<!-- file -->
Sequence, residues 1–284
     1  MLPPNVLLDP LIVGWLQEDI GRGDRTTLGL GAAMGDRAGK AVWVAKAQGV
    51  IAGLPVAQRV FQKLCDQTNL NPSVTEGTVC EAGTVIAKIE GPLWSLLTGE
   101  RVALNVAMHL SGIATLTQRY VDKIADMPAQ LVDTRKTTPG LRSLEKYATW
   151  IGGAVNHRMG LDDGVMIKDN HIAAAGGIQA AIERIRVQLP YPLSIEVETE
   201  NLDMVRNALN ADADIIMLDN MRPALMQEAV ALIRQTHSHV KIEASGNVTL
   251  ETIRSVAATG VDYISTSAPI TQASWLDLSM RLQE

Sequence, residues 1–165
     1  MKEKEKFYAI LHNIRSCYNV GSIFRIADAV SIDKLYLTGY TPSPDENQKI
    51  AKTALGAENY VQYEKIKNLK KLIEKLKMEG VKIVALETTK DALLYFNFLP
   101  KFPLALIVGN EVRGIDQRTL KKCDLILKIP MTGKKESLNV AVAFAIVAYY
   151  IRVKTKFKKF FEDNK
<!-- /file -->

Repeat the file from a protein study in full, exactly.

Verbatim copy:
Sequence, residues 1–284
     1  MLPPNVLLDP LIVGWLQEDI GRGDRTTLGL GAAMGDRAGK AVWVAKAQGV
    51  IAGLPVAQRV FQKLCDQTNL NPSVTEGTVC EAGTVIAKIE GPLWSLLTGE
   101  RVALNVAMHL SGIATLTQRY VDKIADMPAQ LVDTRKTTPG LRSLEKYATW
   151  IGGAVNHRMG LDDGVMIKDN HIAAAGGIQA AIERIRVQLP YPLSIEVETE
   201  NLDMVRNALN ADADIIMLDN MRPALMQEAV ALIRQTHSHV KIEASGNVTL
   251  ETIRSVAATG VDYISTSAPI TQASWLDLSM RLQE

Sequence, residues 1–165
     1  MKEKEKFYAI LHNIRSCYNV GSIFRIADAV SIDKLYLTGY TPSPDENQKI
    51  AKTALGAENY VQYEKIKNLK KLIEKLKMEG VKIVALETTK DALLYFNFLP
   101  KFPLALIVGN EVRGIDQRTL KKCDLILKIP MTGKKESLNV AVAFAIVAYY
   151  IRVKTKFKKF FEDNK